“My idea of comfort is a good lamp to read by.” Lucien Rees Roberts
The Prague Sonata by Bradford Morrow
This is a fabulous novel by an author I have not read before, but I’m about to start reading The Forgers which Morrow published in 2014. I think I’m really onto something with this guy! It took him over 12 years to write The Prague Sonata, so you know its well done.
The Prague Sonata is set primarily in Prague, of course from World War 1 to contemporary times. The plot follows Otylie Bartosova’s life during the turbulent 20th century. This sonata written by an anonymous 18th century composer was given to Otylie by her father during WW1. To keep it safe during the German occupation of WW2, she divides it into its three movements, giving a movement each to her resistance soldier-husband, her best friend Irene and keeping one for herself.
So how does the middle movement end up in NYC in 2000 in the hands of musicologist Meta Taverner? Does Meta really think she can locate the other two movements and then determine the composer? Could it really be written by Beethoven or Mozart? Is this wild-goose chase really worth uprooting her life and moving to Prague?
I finished this novel several weeks ago, and I still miss these characters, especially Otylie and Garrett. Morrow’s descriptions of people, places and music are absolutely beautiful, yet the pace never bogs down. Classical music lovers, this is a must-read for you, but it will be enjoyed by all who love historical fiction.
Less by Andrew Sean Greer
Andrew Less, the main character and struggling author is frantically searching for seemingly valid excuses to regret his long-time exboyfriend’s wedding. Basically he decides to accept several literary engagements that are scattered around the globe- from Paris to Berlin to Morocco to India to Japan. Andrew Less is a “Keystone Cop” who goes from one amusing mishap to another. What makes him so endearing is that he is such a worry-wart. I come from a long line of worry-warts, and Andrew almost takes the cake! Yet in spite of all his worrying, he maneuvers life with grace and humility. This 2018 Pulitzer winner as a great pool-side read.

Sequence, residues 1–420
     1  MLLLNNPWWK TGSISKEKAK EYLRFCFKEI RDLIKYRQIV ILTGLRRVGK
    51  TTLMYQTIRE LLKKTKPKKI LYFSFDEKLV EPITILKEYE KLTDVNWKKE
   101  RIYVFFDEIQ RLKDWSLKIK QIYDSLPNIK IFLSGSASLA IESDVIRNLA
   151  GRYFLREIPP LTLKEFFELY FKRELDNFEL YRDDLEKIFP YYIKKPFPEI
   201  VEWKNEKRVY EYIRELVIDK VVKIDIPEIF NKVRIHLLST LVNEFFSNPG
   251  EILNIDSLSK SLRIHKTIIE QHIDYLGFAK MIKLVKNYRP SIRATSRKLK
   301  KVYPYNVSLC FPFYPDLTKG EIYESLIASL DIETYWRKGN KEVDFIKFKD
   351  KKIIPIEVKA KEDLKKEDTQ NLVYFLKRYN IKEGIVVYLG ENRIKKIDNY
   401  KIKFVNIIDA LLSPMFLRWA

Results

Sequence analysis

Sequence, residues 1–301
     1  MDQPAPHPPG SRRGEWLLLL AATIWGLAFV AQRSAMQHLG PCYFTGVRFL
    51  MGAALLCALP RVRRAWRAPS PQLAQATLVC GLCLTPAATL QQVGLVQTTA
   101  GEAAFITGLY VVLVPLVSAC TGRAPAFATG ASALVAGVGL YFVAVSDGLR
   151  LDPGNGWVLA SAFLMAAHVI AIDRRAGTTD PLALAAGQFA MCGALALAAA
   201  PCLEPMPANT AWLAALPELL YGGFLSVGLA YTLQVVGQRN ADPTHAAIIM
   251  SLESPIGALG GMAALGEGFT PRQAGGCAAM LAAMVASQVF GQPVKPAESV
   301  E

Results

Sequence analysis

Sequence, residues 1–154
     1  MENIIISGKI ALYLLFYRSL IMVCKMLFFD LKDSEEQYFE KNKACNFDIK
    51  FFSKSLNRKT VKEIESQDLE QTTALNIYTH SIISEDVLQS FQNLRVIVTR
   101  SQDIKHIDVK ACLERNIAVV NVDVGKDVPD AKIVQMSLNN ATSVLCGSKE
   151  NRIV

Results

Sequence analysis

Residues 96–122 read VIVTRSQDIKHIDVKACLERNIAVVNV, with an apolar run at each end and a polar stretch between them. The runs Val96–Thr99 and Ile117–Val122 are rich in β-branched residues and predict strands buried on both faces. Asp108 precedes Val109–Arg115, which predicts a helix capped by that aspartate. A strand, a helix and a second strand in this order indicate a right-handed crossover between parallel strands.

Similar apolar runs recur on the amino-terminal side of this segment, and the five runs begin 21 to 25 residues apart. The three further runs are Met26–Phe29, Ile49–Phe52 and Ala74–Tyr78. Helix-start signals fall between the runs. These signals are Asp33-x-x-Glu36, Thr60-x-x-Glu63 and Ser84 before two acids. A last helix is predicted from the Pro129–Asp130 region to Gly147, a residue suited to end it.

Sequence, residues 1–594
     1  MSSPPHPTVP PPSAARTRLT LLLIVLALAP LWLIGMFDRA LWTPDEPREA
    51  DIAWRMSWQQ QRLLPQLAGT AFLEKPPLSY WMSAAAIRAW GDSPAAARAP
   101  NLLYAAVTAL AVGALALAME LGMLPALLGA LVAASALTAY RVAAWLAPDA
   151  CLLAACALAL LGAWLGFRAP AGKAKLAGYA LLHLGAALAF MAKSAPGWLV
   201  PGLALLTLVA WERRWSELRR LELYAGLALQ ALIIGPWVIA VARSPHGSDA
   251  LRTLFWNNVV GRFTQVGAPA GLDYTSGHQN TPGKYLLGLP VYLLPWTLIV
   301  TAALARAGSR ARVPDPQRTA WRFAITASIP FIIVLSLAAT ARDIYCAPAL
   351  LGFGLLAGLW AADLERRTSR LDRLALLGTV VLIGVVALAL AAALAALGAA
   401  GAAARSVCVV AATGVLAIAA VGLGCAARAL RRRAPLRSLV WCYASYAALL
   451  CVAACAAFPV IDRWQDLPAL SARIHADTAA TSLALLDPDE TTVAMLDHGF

The Overstory by Richard Powers
I’ve never read a book quite like The Overstory. A book blurb says, “A monumental novel about reimagining our place in the living world by one of our most ‘prodigiously talented’ novelist.” The format is fascinating in how Powers splits up the book in different fables about various individuals who have life-changing experiences with trees and how these experiences shape their lives. For Mimi, it’s the mulberry in the backyard that symbolically honors the silk made by her Chinese ancestors. For Nick, it’s the elm growing in the yard of his inherited farmhouse in the Midwest that was planted by his great grandfather. Their family elm flourished while the elms died off by blight in the northeast. All the book’s characters feel a deep attachment to creation through their special trees, except Neelay.
Neelay falls out of his tree as a boy and is now a wheel-chair bound paraplegic IT whiz. He is a mega-wealthy developer and owner of a virtual reality video game conglomerate. His games are so realistic he spends most of his waking hours in a reality of his own making. Neelay reminds me of Jake Sully, the paraplegic vet in James Cameron’s movie Avatar. Both characters can live and move in their virtual realities. Both rebel against their cruel realities. Neelay has some redemption in the end and though it seems a little disjointed, it’s welcomed all the same.
Powers wonderfully and believably brings these various people together to try and save one of America’s last virgin forests in the American Northwest. It ought to be a Pulitzer winner in my humble opinion. It’s disturbing and thought provoking in all the ways a good novel should be.
#fiction #bradfordmorrow #andrewseangreer #richardpowers #thepraguesonata